Alcan plant to close: The price for inaction on energy
On the day that North East unemployment hit 11.6% and UK youth unemployment broken through the 1 million mark, Alcan announced that it is to close its aluminium smelter in the region, with the loss of over 500 jobs. The company cites the UK’s high energy costs.
The TUC and unions in the industry have been warning Government about this risk for two years. The Alcan smelter in Lynemouth, Northumberland, is the county’s biggest private sector employer. It has been a mainstay of good quality and well paid employment for 40 years in an area still working hard to recover from the devastating closure of deep coal mines. Sited just two miles away from Ashington, once known as Europe’s biggest pit village, Alcan has made a considerable contribution to the local economy during the toughest of times.
The owners, Rio Tinto, have issued redundancy notices to the smelter’s 515 workers having failed to find a new buyer. But Alcan is not just another victim of a slowing global economy or a growth-free Great Britain. There is a wider policy and political context.
The smelter at Alcan is one of many Energy Intensive Industries that has increasingly anxious about the industrial implications of the Government’s carbon tax. Faced with the prospect of having to use its annual £40 million profit from the smelter to pay new levies, the plant’s future was increasingly uncertain. As a multinational corporation, Rio Tinto has the ability to hop, skip and jump across the globe to locate and invest in any country in the world – including those with far weaker carbon emission regulations than in the UK.
Chief Executive of Rio Tinto Jacynthe Côté directly attributed blame to Government policy-making:
“This decision follows a thorough strategic review which explored every possible option for continuing to operate the smelter and power station. However, it is clear the smelter is no longer a sustainable business because its energy costs are increasing significantly, due largely to emerging legislation.”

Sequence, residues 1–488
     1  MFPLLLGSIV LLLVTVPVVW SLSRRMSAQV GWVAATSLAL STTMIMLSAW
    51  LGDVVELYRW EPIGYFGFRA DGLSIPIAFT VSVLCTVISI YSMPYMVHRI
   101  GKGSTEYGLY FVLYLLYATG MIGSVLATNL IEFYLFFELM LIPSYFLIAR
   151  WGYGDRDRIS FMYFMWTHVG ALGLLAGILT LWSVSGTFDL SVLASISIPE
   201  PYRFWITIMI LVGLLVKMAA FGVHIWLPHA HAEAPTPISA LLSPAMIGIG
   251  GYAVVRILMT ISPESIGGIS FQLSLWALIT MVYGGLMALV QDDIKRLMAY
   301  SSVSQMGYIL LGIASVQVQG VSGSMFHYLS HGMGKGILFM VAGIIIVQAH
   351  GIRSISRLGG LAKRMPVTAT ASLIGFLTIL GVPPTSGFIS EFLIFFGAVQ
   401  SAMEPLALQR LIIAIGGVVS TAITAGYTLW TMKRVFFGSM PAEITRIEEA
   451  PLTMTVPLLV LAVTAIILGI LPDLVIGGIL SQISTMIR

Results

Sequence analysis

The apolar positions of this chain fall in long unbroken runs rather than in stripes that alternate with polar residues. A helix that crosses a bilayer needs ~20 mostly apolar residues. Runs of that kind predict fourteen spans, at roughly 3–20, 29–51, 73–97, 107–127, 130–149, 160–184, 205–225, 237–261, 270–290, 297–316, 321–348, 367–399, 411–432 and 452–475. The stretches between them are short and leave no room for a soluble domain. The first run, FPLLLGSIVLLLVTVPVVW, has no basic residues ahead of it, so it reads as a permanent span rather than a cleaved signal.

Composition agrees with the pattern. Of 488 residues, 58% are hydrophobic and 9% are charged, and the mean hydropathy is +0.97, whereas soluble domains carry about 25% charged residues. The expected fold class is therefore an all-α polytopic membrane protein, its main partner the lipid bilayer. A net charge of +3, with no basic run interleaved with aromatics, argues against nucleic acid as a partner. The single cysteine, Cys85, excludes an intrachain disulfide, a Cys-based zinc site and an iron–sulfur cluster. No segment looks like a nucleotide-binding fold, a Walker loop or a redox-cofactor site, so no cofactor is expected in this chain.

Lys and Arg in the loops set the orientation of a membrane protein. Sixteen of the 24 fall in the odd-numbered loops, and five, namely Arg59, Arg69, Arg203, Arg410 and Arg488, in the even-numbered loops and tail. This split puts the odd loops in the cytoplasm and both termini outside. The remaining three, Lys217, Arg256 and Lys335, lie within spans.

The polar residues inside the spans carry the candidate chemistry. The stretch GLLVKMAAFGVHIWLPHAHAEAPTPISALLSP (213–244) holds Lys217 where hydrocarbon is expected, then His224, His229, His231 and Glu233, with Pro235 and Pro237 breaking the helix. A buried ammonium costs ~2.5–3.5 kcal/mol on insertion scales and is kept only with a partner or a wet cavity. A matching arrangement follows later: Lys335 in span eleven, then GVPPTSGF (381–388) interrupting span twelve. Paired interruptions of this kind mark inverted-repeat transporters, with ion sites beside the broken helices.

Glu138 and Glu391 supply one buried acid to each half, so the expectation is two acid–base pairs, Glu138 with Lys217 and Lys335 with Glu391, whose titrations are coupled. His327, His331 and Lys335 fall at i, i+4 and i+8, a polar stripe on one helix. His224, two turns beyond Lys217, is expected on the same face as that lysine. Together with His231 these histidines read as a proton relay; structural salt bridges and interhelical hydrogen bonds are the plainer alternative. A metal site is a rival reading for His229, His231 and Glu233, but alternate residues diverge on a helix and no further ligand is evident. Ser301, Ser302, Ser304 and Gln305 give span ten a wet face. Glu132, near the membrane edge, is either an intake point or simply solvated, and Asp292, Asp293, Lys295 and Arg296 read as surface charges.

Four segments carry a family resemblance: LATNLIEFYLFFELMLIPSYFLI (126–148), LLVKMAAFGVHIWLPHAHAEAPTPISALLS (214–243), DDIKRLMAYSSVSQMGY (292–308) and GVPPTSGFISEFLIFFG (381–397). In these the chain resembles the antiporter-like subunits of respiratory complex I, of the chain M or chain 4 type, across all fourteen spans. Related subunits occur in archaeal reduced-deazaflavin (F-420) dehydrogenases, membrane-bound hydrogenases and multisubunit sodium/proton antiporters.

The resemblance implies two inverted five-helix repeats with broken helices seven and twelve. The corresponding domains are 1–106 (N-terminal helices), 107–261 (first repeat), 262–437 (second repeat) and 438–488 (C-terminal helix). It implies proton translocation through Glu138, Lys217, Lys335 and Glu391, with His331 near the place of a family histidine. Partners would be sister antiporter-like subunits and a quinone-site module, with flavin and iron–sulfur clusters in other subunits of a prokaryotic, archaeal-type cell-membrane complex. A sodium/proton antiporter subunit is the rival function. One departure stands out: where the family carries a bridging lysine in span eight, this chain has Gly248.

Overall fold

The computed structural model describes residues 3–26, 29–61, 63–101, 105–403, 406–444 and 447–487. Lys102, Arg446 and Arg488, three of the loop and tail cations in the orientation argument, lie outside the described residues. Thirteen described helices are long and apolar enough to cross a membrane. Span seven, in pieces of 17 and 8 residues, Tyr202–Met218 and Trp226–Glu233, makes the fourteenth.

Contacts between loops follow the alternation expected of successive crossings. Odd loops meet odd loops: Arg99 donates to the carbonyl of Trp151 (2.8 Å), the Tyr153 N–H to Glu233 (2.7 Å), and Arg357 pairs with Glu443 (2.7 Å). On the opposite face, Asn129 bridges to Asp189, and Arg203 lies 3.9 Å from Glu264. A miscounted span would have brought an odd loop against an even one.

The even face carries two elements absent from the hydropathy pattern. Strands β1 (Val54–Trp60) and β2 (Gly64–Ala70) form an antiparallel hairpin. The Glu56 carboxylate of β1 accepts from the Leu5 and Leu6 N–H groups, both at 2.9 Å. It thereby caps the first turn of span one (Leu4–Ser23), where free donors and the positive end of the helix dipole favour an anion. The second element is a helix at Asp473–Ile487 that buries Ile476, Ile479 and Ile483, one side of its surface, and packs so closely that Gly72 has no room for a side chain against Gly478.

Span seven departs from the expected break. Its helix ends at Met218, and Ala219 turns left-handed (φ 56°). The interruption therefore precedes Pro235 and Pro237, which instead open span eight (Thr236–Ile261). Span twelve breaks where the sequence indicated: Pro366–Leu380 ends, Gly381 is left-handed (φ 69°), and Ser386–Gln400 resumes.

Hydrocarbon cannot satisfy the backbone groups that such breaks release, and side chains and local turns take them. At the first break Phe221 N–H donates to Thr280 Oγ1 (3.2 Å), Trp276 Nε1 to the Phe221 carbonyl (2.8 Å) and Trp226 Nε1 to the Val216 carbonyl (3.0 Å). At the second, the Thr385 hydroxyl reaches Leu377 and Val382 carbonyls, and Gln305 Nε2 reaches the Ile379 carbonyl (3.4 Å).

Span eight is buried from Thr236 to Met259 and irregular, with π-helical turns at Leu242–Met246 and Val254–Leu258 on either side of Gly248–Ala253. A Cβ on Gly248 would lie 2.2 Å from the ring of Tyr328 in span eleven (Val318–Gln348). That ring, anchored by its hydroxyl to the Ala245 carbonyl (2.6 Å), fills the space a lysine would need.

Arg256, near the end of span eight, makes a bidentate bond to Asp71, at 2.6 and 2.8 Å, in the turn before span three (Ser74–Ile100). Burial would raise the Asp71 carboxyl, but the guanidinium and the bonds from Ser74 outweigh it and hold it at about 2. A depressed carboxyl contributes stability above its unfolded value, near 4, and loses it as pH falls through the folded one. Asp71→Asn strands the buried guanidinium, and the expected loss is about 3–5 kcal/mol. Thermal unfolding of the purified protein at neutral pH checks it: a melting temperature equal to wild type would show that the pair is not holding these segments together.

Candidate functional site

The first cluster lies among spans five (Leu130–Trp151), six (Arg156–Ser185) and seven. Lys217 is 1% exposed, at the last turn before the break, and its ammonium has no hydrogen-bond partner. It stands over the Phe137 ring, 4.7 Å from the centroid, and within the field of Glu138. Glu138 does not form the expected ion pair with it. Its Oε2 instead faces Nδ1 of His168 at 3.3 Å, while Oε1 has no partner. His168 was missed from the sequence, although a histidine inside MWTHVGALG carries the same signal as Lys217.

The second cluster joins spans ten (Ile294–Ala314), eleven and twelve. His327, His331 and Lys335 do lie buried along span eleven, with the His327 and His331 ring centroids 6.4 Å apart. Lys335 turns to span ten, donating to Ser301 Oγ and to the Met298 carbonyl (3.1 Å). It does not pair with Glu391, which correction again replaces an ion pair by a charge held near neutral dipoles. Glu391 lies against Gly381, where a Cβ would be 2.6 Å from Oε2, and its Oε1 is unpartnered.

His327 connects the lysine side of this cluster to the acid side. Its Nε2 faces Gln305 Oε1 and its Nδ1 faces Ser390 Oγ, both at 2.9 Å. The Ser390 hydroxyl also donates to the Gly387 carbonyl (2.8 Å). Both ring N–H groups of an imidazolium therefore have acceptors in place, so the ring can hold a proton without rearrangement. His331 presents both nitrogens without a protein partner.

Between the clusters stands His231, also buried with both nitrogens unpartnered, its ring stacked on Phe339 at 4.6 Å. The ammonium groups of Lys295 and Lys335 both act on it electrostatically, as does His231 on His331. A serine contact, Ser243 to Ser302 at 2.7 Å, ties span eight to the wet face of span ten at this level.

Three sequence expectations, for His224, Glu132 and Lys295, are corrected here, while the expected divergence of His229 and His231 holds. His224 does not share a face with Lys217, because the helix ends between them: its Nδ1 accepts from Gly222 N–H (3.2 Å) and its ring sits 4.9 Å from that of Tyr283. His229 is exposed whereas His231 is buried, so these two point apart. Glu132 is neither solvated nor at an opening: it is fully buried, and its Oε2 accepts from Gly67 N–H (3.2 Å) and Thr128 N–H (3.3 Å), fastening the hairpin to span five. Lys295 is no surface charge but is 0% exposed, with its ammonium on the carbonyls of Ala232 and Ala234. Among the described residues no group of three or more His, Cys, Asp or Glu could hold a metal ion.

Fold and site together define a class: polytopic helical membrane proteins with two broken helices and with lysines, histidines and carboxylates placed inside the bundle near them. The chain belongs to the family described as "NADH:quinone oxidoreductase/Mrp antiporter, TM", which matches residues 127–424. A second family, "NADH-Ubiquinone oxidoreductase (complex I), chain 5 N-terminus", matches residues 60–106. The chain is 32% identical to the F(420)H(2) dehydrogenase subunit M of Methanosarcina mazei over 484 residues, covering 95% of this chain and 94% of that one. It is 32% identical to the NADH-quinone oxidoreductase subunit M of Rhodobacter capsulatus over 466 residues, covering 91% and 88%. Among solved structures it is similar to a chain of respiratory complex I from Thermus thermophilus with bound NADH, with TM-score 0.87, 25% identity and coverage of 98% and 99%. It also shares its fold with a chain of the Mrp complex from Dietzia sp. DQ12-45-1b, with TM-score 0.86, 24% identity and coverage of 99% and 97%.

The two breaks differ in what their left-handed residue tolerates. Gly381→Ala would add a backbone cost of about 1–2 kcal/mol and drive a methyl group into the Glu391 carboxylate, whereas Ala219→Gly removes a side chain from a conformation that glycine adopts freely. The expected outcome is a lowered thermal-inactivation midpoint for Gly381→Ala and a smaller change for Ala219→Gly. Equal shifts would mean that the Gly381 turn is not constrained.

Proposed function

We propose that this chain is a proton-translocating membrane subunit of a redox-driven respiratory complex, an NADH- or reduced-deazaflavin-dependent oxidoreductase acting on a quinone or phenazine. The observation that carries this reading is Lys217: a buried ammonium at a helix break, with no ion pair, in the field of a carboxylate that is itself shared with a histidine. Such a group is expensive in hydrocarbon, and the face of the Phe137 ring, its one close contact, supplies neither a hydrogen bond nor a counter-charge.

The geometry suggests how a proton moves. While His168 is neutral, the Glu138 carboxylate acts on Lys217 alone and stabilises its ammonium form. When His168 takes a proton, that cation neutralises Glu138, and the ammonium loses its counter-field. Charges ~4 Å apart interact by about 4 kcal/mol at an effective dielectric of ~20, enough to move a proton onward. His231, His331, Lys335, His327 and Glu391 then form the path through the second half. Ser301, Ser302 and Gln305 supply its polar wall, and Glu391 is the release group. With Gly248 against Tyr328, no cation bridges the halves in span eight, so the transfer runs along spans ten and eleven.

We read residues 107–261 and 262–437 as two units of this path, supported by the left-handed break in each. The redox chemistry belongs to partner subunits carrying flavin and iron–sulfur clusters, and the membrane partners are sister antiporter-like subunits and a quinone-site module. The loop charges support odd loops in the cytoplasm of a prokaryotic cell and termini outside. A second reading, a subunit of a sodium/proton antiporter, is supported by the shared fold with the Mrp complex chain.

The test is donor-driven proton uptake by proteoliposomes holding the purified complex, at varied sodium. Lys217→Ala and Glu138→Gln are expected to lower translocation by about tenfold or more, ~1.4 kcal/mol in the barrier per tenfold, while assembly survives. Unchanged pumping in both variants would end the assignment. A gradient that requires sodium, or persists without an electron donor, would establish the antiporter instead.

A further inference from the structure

Elsewhere steel, ceramics, glass, paper, minerals and chemical firms are calculating the impact on their business plans and projects. Together they employ 225,000 people in the UK. Just 12 days away from George Osborne’s Pre-budget Report there are growing demands from industry for greater certainty and in particular relief against the carbon floor price for the sector. Earlier this month the Energy Intensive Users Group wrote to the Secretary of State asking for the Government to ‘provide energy intensive businesses with as much investment certainty as possible, through a comprehensive package of measures that recognise UK businesses and sectors exposed to carbon leakage.’
The TUC has always supported a carefully managed ‘just transition’ to a lower carbon economy. To the workers in Lynemouth this is far from just. The Government has no time to lose and must adopt a balanced package of support than enables Energy Intensive Industries to take that transition to a lower carbon economy. It must push ahead to create more green manufacturing jobs to harness and increase the progress and powers of a Green Investment Bank. If they do not then the 515 ordinary working people in Northumberland will soon be joined by many thousands of others across the UK. It is too high a high price to pay for inaction in Westminster.